If you’ve been involved with men’s wear, you’ve probably wondered why leather is incorporated in so many pieces of clothing. Leather is literally used in everything. Mainly shoes, jackets, belts, watches and even pants.
But why is leather used so often?
Why has it been used for countless centuries as a material for clothing? Why haven’t we gotten over the beautiful aroma that fresh leather secretes from it’s pores? The same question ran through my mind.
So I’ve dedicated this article to explain the basics of different leathers and how to be un-scam-able by telling the difference between low and high quality leather.
To start everything off, let’s take a look at what leather actually looks like in it’s simplest form. Here’s a diagram of a cross-section of a piece of leather.
Leather is essentially a piece of skin that’s been cut from an animal, processed and crafted into the item that you have in your wardrobe. The thickness of the leather ranges from 0.4mm – 6.4mm and depends on which animal it comes from and the area of the body in which it has been taken from.
You won’t necessarily NEED to know each step of the leather manufacturing processes (such as; desalting, rehydrating, chroming etc.) but what’s extremely important to know is how to distinguish between good and bad quality leathers and where it comes from to ensure that you make the most bang for your buck.
Since leather is quite thick once it’s been taken from the animal (let’s use cows for today’s example as they’re the most common animal used for leather), it needs to be split in half. Manufacturers sell both the top half and bottom half of the leather.
Full Grain Leather
The very top of the leather where the hair follicles are (vertical lines) is called “Full Grain Leather” and is used to make high quality products such as rugs, furniture and bags. It’s more expensive than the bottom half as more processes need to be taken before using it.
With reference to the above diagram, the vertical lines above the box are hair follicles and the thick black boxes above are scars that the cow had developed while it was alive. You’ll be able to differentiate full grain leather by looking closely and seeing the pores from the hair follicles and any possible scars from the skin of the animal. No full grain leather item will look identical as all cows are different. This is a uniqueness no other type of leather can provide and which is something leather enthusiasts enjoy.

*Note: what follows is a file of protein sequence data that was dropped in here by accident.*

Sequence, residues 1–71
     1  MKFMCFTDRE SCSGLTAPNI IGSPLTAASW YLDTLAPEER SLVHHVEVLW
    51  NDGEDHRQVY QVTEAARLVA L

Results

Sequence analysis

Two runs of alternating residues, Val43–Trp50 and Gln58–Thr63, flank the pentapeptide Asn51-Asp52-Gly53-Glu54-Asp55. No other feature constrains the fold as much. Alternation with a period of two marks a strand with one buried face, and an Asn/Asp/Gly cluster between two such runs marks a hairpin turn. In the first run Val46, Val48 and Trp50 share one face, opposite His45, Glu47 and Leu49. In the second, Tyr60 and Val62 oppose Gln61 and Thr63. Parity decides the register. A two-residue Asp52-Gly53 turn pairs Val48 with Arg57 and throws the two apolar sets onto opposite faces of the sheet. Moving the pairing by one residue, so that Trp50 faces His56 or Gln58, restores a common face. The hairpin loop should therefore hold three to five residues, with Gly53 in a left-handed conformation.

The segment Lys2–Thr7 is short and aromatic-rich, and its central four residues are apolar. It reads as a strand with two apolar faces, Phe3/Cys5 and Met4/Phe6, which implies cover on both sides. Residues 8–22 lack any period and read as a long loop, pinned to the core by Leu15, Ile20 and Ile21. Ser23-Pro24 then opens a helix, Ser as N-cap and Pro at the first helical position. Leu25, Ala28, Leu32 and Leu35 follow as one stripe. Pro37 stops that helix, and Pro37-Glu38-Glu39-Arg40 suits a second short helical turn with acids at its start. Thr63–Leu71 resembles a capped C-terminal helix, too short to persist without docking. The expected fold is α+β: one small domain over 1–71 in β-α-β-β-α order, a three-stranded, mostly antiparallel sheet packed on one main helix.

Top Grain Leather
Due to only “some” leather enthusiasts loving the scarred and off-looking look of full grain items, many companies choose to shave the scarred top off the full grain to make the leather look cleaner. This type of leather is what we call “Top Grain Leather”.
The top of the leather is shaved removing scars and lumps to create a smoother looking leather. You see this type of leather in high quality shoes, purses, sofas and watch straps. This kind of leather is of lower grade compared to full grain but still works just as well and will also develop a nice patina.
When we speak of the bottom half of the leather after it’s been split in two, we are left with what’s called “Genuine Leather”. The difference between the two is that due to the more horizontal and flat grain pattern (as seen in the above diagrams), the leather is weaker and of lower quality. The skin of the cow is made to protect the animal from outside harm. Thus, the outer side of the leather is made to take a beating rather than the under side.
Although “genuine leather” sounds like a high quality product, all it means is that the leather that's been used to make the piece is at it’s “almost” lowest quality. The leather is susceptible to more damage and will not last as long as the Top Grain or Full Grain leathers.
Genuine leather isn’t all that bad when compared to bonded leather. This quality of leather is the worst of the worst and please do your best to avoid it at all times. Remember when we mentioned smoothing the top leather by sanding and shaving the scars off?
Bonded leather is manufactured from the residue leather grain shavings heavily compressed together and designed to look like real leather.
You will often see bonded leather discolour and peel after only a few uses. They’re often used in items that you can buy in $2 dollar stores and cheap side shops.
Real quality leather such as your top grains and full grains are longer lasting as skin is made to last a lifetime. If you’d like to learn how to take care of your leather you can read this article.
In summary you have 4 types of leathers:
- Full Grain - Very high quality that leather enthusiasts love due to the animal scarring.
- Top Grain - Also high quality but the scars have been shaved off. Has an awesome patina. These are the kind of leather products you're looking for.
- Genuine - Bottom half of the leather when it's first initially split. Sounds like it's high quality but really isn't.
- Bonded - the type of leather used to recreate knockoffs. Stay away from bonded leather if you're intending to buy something quality.
Be weary of labels and make sure to ask question before purchasing a leather item.
Raising the collar standard,